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Nanotechnology. Science, Technology and Public Affairs PAF 547. S. Tom Picraux Dept. of Chemical and Materials Engineering Fulton School of Engineering [email protected] Arizona State University. This presentation has 2 objectives: Overview the scientific basis of nanotechnology

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Science, Technology and Public Affairs

PAF 547

S. Tom Picraux

Dept. of Chemical and Materials Engineering

Fulton School of Engineering

[email protected]

Arizona State University


  • This presentation has 2 objectives:

  • Overview the scientific basis of nanotechnology

  • Highlight the government’s role and current public policy issues in nanotechnology


Nanotechnology:a definition

— working with matter down to the molecular level to create structures and devices ~1 to 100 nm in size with fundamentally new organization, properties, and performance

  • takes us to the realm where the properties of materials are dramatically different.

  • demands new tools and new understanding.

  • may hold the key to a 21st century industrial revolution.


What are the key challenges of nanoscale science and technology?

Making nanomaterials

Self assembly, top down vs. bottom up

Characterizing nanostructures

Imaging and measuring small things

Understanding properties

“Nanoland” lies between macro world and single atoms and molecules

Nanosystemsintegration & performance

- How do we assemble nanostructures into systems

(this is the high payoff area)

Self assembly nature s approach to nanotechnology

Self-Assembly: Nature’s approach to nanotechnology

  • Living Cell Walls

  • “fluid” molecular arrays rearrange in response to chemical stimuli

  • changes in membrane structure influence intercellular diffusion

  • Photosynthesis centers

  • optical receptor molecules are precisely aligned via spontaneous organization

  • alignment promotes collection, storage, and utilization of light energy

3D molecular arrangements

promote resonant coupling.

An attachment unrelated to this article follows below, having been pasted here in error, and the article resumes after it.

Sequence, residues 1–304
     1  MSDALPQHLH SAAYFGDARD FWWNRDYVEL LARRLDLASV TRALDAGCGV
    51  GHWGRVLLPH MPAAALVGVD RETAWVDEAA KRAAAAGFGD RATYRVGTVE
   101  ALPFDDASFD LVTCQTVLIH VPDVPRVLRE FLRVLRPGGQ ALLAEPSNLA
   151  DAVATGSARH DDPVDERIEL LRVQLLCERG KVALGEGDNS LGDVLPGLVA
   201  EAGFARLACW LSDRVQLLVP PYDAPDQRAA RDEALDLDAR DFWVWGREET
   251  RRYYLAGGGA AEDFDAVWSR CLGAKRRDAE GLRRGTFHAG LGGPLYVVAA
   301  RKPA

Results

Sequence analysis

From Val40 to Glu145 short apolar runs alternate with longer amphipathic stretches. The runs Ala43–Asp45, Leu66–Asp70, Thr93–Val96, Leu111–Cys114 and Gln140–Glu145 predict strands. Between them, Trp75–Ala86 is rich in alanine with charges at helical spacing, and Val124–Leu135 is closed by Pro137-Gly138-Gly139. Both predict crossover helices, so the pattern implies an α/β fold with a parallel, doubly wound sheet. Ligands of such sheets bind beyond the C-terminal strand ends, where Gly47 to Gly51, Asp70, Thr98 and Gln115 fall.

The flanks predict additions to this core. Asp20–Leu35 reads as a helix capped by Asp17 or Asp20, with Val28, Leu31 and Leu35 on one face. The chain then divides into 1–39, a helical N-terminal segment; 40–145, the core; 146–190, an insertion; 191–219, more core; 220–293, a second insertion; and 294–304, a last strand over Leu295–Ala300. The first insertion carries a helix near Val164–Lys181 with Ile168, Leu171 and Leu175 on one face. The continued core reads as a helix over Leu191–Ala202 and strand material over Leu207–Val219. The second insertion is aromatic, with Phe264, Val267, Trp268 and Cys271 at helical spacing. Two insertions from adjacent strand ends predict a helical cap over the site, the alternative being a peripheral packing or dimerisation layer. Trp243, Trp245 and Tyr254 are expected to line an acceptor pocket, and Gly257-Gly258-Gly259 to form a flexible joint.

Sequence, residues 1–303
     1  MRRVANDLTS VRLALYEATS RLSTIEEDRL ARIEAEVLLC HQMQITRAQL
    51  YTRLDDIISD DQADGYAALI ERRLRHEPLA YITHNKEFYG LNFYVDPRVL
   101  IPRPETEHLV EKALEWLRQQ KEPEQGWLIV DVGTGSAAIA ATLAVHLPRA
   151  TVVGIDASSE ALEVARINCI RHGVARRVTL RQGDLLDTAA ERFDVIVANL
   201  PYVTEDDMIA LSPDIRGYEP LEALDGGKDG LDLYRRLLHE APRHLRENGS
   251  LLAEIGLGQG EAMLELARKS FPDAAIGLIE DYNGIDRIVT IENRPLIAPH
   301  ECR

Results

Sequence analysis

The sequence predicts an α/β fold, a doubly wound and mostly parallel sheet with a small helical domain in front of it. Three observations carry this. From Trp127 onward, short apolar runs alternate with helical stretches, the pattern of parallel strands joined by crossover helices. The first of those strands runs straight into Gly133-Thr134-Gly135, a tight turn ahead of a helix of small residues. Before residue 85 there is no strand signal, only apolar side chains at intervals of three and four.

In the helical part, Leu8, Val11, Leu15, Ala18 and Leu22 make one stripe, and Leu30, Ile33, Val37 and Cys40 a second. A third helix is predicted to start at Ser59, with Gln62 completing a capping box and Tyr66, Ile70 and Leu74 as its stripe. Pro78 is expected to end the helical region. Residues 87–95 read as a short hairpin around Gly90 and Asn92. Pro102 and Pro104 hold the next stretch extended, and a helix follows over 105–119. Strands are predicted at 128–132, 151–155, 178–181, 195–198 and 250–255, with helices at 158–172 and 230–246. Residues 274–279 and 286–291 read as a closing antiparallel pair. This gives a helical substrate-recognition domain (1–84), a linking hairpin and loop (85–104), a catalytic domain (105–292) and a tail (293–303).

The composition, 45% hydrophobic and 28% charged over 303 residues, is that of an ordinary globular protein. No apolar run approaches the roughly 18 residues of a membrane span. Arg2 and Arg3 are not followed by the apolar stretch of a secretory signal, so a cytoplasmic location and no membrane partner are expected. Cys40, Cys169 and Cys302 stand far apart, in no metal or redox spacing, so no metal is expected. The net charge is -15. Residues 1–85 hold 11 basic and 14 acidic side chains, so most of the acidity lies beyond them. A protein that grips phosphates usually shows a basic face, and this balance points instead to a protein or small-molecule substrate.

Dynamic restructuring of molecular

arrays provides adaptive response.

How to build things at the nanoscale

How to build things at the nanoscale?

Conventional Machines

Build and assemble


Top down - build in place

(m - mm)


Bottom up -

self assembled

(10 - 0.1 µm)

(1- 100 nm)


The Scale of Things – Nanometers and More


~ 5 mm

Dust mite

200 mm

Fly ash

~ 10-20 mm

Things Natural

Things Manmade

1 cm

10 mm

10-2 m

Head of a pin

1-2 mm

The Challenge

1,000,000 nanometers =

10-3 m

1 millimeter (mm)

MicroElectroMechanical (MEMS) devices

10 -100 mm wide


0.1 mm

100 mm

10-4 m

Human hair

~ 50-120 mm wide


0.01 mm

10 mm

10-5 m

Pollen grain

Red blood cells


Red blood cells

with white cell

~ 2-5 mm

Zone plate x-ray “lens”Outer ring spacing ~35 nm

1,000 nanometers =

10-6 m

1 micrometer (mm)


Fabricate and combine nanoscale building blocks to make useful devices, e.g., a photosynthetic reaction center with integral semiconductor storage.

0.1 mm

100 nm

10-7 m



Nature-inspired structureMany 10s of nm


0.01 mm

10 nm

10-8 m

~10 nm diameter

Nanotube electrode

ATP synthase

10-9 m

1 nanometer (nm)

Carbon buckyball

~1 nm diameter

Soft x-ray

Carbon nanotube

~1.3 nm diameter


~2-1/2 nm diameter

10-10 m

0.1 nm

Quantum corral of 48 iron atoms on copper surface

positioned one at a time with an STM tip

Corral diameter 14 nm

Atoms of silicon

spacing ~tenths of nm

Office of Basic Energy Sciences

Office of Science, U.S. DOE


2-nm Al2O3


Nanomaterials: new physics and chemistry revolutionizes materials performance

Single molecule


New phenomena associated with:

  • Small size (e.g. quantized effects)

  • Preponderance of surfaces and interfaces

Lead to:

GPa strength from Ni

  • New modes of electronic transport

  • Radical changes in collective phenomena

  • New chemical reactivities

  • New mechanical properties

Practicing “alchemy” through structure


Carbon Nanotubes: example of extreme properties

The scale of nanostructures

Top down

(~200 nm)

Bottom up

(~1 nm)



Nanotubes for Electronics,

Scientific American, Dec. 2000


Why are nanomaterials attractive?

Information technology

Quantum electronics (logic, memory), magnetic memory, spintronics


Large scale, low cost nanoparticle-based solar energy collection

High efficiency solid state lighting


In situ drug delivery

Diagnostics, active monitoring, performance enhancement


Low cost, nanosensor arrays for health, safety

Nanoparticle based waste destruction


Large area, bottom up assembly for low waste, energy efficient manufacturing


Practical applications are at an early stage

The Top Ten Nanotech Products Of 2003 Robert Paull, The Forbes/Wolfe Nanotech Report, 12/29/03

1) High-Performance Ski Wax

2) Breathable Waterproof Ski Jacket

3) Wrinkle-Resistant, Stain-Repellent Threads

4) Deep-Penetrating Skin Cream

5) World's First OLED Digital Camera

6) Nanotech DVD and Book Collection

7) Performance Sunglasses

8) Nanocrystalline Sunscreen

9 & 10) High-Tech Tennis Rackets And Balls

It has been estimated that nanostructured materials and processes can be expected to have a market impact of over $340 billion within a decade (Hitachi Research Institute, 2001).


Public visibility is growing

Washington Post, Sunday, Feb. 22, 2004


Nanotechnology and Society

  • Are paradigm shifting consequences of nanotechnology likely to occur?